Appraisal Nightmares

Things have been moving along smoothly. Repairs were completed without a hitch, credit approval came back quickly, title policy was in the works, and both closings were scheduled for the same day…. and then appraisal reports came in. 2 weeks before closing and neither house appraised for the contract price!

What does this mean, you might wonder? An appraisal is a process during which a licensed and knowledgeable person inspects the house and compares it with recent sales that are similar to determine the property’s value. It also means we agreed to pay more than the house is worth, and our buyers did the same. We looked over both reports with our agent and saw that the purchase appraisal was spot on with strong comps. However, there were flaws in our sale house’s appraisal. And we got a lesson in a bunch of the new laws regarding appraisals. For some very good information, check out http://www.appraisalfoundation.org.

When financing a house, you are subject to the loan terms of the underwriters, and each lender has their own policies. As you can guess, many lenders will not write a loan on an over-priced house. They will only lend UP TO 100% of the appraised value, depending on your down payment requirements for the loan type. Some won’t approve the loan for a house appraised at less than the sales price even if you do pay the difference in cash. Be sure to work with a good loan officer that can explain these details. Ours is phenomenal!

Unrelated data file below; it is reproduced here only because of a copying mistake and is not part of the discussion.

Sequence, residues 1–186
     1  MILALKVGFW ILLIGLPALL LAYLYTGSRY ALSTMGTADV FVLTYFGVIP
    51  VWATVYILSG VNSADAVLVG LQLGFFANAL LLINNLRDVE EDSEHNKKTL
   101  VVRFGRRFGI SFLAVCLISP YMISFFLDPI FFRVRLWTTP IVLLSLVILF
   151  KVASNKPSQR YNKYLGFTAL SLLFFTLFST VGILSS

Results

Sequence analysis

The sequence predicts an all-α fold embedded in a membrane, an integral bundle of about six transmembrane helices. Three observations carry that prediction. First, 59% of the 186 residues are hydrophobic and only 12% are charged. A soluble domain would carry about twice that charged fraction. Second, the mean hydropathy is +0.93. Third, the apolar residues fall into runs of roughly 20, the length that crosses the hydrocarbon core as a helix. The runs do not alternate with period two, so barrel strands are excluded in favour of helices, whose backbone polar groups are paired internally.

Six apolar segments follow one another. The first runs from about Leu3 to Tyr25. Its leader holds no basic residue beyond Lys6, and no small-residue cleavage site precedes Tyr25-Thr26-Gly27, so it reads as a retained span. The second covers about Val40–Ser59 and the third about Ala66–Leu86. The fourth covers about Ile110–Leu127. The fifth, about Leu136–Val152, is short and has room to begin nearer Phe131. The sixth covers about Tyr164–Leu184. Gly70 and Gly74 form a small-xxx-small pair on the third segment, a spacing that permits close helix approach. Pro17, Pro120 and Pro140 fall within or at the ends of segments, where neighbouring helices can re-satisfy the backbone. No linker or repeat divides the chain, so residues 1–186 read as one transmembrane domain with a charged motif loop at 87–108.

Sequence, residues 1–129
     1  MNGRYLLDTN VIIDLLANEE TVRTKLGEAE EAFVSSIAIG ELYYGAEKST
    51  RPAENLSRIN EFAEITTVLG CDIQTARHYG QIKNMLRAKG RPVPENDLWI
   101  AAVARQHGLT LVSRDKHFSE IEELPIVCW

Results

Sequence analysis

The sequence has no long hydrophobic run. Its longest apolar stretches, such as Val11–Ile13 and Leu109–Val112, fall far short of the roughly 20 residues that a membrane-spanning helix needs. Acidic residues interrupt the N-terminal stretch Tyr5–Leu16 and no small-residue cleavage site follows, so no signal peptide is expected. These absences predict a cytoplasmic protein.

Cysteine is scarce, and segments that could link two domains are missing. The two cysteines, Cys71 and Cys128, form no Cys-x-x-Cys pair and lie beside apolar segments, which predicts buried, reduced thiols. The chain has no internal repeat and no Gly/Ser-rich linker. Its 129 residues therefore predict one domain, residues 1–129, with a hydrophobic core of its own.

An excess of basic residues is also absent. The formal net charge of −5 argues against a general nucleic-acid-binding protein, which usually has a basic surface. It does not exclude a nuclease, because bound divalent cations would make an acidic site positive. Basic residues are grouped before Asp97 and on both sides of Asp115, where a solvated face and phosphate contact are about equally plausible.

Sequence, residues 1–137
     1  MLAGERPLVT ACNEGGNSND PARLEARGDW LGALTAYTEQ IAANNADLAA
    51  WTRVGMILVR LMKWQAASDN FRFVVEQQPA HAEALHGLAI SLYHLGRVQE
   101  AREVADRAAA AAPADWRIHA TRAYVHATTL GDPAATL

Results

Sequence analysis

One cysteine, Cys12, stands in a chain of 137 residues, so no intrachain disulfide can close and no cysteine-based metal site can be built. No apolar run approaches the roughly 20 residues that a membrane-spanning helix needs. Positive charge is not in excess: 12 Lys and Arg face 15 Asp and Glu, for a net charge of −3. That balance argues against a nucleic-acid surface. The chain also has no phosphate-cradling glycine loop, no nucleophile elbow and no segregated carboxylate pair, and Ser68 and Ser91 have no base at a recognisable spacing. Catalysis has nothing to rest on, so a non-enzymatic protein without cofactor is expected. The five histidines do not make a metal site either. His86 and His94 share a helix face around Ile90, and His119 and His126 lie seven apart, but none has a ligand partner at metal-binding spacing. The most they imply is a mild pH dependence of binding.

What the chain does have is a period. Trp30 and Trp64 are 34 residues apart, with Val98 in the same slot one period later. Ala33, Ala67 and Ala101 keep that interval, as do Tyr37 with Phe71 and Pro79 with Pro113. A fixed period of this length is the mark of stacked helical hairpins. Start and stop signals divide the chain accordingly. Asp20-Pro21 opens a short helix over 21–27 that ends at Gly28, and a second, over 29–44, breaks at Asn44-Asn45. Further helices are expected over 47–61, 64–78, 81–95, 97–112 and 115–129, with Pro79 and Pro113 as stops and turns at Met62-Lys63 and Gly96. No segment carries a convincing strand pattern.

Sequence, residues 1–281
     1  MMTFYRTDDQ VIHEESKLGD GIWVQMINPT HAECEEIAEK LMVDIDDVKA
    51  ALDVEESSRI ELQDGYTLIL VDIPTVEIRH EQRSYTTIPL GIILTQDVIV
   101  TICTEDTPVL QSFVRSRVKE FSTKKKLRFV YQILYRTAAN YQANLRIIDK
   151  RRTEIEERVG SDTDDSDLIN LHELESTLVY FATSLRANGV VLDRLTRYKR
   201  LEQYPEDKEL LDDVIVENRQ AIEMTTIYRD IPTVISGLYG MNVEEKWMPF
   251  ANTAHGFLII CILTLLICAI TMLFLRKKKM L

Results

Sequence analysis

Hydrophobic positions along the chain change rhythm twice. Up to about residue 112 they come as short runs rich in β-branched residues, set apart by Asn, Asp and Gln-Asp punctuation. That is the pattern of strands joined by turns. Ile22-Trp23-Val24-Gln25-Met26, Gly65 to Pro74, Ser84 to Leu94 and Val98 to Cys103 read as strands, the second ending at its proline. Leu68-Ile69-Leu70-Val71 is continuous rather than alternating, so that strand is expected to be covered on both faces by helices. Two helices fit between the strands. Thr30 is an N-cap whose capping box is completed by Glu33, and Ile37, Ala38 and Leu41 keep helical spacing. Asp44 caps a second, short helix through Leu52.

So, the options are: pay cash for the difference, if we have it and our lender allows; re-negotiate the price down to the appraised value, fight the appraisal, or finally, terminate the contract. For the new home purchase, we don’t have the funds to pay the entire difference for option #1, after our other planned out-of-pocket expenses, like closing costs. We tried to do #2, and offered to pay what we could and split the difference. Unfortunately, the sellers really wanted their price in order to net a certain amount of proceeds, and feel like they’ll get it. So, since this appraisal was very strong, we had no option but to terminate the contract. I’m almost in tears just writing those words. 😦